Rhode Island Attorney General Peter Kilmartin wants to institute a national background check for nursing home workers. Federal grant money – and some extra costs for nursing homes – are at stake.
Right now, only state background checks are required for people who want to work in long term care facilities like nursing homes. But the Attorney General wants to take advantage of a provision under the Affordable Care Act that creates a national background check program for these workers. Kilmartin says Rhode Island’s General Assembly has one last chance to pass the legislation needed to qualify for the federal funding to set it up.
State nursing home association spokeswoman Virginia Burke says her members are in favor of the program.
“I think people need to be reassured that crimes by our staff against our patients are very, very rare. But why not take a step that could make it more rare.”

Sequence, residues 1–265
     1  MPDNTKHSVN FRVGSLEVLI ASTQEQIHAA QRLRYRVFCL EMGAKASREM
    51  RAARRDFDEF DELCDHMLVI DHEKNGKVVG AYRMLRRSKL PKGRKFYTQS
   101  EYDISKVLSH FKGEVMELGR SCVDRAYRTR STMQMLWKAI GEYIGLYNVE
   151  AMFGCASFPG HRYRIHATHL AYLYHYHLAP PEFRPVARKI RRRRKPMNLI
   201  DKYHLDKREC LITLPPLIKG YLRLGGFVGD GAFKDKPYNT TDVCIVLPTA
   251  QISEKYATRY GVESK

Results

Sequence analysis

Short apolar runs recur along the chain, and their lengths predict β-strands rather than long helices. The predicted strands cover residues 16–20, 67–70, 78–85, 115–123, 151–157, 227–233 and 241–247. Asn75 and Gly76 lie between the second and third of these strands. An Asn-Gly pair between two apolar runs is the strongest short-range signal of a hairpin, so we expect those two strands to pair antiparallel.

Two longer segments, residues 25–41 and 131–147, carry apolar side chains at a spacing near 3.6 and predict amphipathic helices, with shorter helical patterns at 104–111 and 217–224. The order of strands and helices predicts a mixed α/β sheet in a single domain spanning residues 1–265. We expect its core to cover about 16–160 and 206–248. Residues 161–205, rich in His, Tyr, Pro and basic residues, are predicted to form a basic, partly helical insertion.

But Burke says they’re concerned about the cost of those individual background checks, which could add up if nursing homes have to repeat them every few years for employees they’ve already hired.
Burke says her members worry that the program – once a one-time check—could end up costing them much more than they originally thought.
“Then we learned very recently people would have to undergo those checks every three years. And the reason is because there are maintenance costs for the infrastructure that is being set up," said Burke. "And it doesn’t really make sense to have people go be fingerprinted again every third year just to pay for the cost of the system.”
The legislation is scheduled to be considered today in the General Assembly.